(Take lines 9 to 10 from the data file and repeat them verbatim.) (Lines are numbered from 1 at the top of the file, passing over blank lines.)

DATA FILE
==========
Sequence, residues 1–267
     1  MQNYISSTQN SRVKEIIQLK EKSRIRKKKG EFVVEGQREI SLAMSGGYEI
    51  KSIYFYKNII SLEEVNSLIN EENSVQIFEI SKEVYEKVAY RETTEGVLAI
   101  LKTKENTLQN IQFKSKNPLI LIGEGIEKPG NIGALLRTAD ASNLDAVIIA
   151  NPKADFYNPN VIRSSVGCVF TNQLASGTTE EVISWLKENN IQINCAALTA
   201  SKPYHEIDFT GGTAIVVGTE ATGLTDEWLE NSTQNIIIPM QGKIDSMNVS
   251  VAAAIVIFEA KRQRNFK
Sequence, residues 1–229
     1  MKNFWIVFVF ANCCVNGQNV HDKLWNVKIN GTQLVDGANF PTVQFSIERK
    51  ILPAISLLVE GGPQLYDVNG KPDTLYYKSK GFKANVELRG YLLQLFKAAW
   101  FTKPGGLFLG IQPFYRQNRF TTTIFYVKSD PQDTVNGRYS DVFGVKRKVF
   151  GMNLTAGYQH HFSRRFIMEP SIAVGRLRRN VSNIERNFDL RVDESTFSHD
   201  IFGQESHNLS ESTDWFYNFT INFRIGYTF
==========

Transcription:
     1  MKNFWIVFVF ANCCVNGQNV HDKLWNVKIN GTQLVDGANF PTVQFSIERK
    51  ILPAISLLVE GGPQLYDVNG KPDTLYYKSK GFKANVELRG YLLQLFKAAW